Early diagnosis of spinal epidural metastases using out-patient computed tomographic myelography

Stuart A. Grossman, David E. Weissman, Henry Wang, Mark R. Gilbert, Marcia L. Updike, Valerie Walton, Moody Wharam

Research output: Contribution to journalArticlepeer-review

Abstract

Twenty patients with known malignancies, back pain, abnormal roentgenograms of the spine, and normal neurological examinations were evaluated by outpatient computed tomographic (CT) myelography to determine the presence and extent of epidural tumor. Spinal CT following the intrathecal administration of low doses of water soluble contrast agents provided high quality diagnostic information. Three patients experienced adverse effects from this procedure which were mild and easily managed in the outpatient setting. Epidural tumor was identified in 15 of 20 (75%) patients. Patients were followed for 9-27 months following myelography. The 14 patients with epidural tumor treated with local radiation experienced pain relief and only one of these patients developed signs or symptoms of recurrent epidural tumor in the treated site. This study documents the high incidence of epidural tumor in selected patients without neurological deficits and the excellent palliative results of non-emergent, carefully planned radiation therapy. It also demonstrates that high resolution CT myelography can be performed safely in an outpatient setting in patients at high risk for epidural tumor. Outpatient myelography facilitates the early diagnosis of epidural tumor and provides needed information on the extent of the tumor for radiation treatment planning while conserving health care resources. For these reasons, outpatient CT myelography should be considered in selected patients with cancer who are at high risk for epidural metastases.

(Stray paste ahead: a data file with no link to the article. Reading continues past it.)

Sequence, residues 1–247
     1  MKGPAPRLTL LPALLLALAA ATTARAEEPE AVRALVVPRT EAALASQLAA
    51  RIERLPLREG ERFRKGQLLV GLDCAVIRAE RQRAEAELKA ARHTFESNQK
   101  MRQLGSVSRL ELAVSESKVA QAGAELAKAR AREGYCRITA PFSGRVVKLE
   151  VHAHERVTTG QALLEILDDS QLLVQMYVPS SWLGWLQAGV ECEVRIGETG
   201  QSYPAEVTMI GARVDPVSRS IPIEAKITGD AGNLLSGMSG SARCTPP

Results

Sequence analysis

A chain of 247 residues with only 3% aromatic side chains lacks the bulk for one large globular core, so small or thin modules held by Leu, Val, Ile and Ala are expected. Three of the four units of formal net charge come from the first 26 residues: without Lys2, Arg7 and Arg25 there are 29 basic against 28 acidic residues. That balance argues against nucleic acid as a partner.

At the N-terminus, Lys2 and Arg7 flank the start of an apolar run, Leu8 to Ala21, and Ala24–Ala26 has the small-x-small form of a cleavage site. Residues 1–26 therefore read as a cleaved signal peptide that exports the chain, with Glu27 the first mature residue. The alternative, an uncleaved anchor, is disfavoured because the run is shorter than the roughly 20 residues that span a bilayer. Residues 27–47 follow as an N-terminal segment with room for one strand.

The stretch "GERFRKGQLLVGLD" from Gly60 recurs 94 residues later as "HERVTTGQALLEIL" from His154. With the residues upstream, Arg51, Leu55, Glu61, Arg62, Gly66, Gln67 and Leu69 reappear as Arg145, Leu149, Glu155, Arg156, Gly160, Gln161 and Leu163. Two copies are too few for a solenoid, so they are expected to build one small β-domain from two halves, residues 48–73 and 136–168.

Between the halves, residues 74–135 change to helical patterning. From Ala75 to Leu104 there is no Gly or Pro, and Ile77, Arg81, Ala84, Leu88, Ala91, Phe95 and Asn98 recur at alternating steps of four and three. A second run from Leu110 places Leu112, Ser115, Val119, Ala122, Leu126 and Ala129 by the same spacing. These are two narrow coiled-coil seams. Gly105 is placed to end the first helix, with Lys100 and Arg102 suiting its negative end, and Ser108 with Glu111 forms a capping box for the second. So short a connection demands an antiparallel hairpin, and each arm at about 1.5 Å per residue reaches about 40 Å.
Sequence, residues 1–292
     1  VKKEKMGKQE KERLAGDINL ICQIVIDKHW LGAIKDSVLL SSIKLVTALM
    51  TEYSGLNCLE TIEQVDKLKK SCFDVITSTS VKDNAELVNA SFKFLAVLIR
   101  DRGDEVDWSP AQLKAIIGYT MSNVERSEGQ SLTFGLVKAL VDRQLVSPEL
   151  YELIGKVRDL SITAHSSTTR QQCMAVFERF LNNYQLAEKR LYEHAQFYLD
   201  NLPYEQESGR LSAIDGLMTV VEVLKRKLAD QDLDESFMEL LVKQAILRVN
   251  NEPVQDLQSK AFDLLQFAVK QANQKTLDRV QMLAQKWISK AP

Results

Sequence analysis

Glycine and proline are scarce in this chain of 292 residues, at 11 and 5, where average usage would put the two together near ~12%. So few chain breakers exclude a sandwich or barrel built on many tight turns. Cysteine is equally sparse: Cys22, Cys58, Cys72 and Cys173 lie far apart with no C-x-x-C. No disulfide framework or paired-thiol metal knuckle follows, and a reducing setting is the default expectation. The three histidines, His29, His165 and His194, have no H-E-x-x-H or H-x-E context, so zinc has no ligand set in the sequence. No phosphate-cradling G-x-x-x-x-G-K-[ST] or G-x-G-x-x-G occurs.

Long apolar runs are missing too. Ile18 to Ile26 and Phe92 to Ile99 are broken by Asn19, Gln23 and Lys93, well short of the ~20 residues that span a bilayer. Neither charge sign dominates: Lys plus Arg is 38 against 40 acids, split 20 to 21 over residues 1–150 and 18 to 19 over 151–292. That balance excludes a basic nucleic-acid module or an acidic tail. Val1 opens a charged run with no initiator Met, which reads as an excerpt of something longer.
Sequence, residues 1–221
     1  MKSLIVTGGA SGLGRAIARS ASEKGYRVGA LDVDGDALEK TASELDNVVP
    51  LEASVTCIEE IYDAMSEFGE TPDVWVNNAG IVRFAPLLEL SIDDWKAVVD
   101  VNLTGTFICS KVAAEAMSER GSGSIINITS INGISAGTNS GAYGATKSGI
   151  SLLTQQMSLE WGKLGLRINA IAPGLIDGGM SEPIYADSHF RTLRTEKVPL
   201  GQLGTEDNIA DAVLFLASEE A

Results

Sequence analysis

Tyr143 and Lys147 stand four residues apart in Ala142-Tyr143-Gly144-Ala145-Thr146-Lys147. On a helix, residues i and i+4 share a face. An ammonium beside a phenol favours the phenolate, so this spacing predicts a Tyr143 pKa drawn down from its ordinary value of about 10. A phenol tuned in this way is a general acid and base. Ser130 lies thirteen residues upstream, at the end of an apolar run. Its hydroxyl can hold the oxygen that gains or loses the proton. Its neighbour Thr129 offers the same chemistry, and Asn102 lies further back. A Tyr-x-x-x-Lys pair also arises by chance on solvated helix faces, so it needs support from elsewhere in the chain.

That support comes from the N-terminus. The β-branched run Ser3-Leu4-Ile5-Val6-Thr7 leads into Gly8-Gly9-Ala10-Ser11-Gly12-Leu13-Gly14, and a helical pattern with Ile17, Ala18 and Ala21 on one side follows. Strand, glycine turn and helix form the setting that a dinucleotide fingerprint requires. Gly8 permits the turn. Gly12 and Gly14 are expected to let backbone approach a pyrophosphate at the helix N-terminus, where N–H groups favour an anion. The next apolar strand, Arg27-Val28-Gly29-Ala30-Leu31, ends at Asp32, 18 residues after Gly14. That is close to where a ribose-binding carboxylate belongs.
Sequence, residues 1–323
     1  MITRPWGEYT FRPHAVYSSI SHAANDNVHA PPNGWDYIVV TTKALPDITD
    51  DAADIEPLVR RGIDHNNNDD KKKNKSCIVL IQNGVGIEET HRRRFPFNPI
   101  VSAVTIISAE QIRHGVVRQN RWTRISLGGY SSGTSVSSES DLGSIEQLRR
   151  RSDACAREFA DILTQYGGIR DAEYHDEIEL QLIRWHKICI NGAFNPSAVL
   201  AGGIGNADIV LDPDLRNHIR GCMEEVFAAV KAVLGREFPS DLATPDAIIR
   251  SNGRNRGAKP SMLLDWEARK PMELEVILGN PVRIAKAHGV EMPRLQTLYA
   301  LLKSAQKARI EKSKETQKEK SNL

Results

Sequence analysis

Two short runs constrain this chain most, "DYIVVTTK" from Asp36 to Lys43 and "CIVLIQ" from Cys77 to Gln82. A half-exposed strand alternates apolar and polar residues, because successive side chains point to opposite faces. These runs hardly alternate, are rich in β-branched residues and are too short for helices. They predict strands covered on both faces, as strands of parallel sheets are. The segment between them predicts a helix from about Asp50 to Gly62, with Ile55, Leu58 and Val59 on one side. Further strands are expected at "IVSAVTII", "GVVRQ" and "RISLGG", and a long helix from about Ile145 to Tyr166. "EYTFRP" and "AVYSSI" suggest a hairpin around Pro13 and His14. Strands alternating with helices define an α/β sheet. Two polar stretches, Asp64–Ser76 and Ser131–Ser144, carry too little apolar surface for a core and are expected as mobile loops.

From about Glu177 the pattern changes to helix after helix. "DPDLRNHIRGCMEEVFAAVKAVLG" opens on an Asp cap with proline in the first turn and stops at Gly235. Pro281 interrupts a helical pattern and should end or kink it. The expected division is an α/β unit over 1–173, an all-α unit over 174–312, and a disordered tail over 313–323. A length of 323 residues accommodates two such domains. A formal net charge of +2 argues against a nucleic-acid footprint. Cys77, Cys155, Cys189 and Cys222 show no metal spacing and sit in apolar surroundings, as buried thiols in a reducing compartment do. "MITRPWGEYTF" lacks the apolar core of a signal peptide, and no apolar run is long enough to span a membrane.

Original languageEnglish (US)
Pages (from-to)495-499
Number of pages5
JournalEuropean Journal of Cancer and Clinical Oncology
Volume26
Issue number4
DOIs
StatePublished - Apr 1990

ASJC Scopus subject areas

  • Oncology

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